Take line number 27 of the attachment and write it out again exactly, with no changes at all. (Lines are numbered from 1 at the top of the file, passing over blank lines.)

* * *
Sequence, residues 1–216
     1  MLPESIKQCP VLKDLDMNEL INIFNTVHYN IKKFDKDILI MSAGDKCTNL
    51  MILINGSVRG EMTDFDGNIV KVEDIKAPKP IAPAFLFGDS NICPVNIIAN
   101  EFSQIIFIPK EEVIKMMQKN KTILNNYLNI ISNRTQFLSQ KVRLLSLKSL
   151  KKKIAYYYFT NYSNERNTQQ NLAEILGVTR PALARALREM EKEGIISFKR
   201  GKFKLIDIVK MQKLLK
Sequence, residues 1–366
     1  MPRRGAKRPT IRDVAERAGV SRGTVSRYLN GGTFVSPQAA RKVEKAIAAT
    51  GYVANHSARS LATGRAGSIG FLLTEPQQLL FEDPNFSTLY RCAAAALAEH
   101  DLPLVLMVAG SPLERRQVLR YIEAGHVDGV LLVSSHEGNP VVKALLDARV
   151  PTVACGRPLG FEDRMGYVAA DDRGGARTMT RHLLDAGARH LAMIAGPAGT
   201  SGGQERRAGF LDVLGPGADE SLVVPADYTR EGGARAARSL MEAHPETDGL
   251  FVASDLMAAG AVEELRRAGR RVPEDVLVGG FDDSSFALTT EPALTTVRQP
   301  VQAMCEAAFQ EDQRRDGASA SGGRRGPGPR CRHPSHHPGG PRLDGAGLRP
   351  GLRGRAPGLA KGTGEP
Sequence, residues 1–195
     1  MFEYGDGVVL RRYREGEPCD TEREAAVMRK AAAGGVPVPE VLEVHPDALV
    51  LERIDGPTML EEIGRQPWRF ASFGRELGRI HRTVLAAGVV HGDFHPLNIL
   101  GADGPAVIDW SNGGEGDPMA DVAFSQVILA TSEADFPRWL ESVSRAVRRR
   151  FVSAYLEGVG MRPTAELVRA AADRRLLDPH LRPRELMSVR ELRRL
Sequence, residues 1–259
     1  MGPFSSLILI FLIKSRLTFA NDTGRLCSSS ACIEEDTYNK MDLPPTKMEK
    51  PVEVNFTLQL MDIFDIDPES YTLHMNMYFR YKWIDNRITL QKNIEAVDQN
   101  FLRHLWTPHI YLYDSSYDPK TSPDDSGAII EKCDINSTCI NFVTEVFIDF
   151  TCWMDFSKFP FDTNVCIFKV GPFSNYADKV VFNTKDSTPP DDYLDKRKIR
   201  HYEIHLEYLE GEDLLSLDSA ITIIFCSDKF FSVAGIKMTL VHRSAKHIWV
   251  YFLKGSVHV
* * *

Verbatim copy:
   251  YFLKGSVHV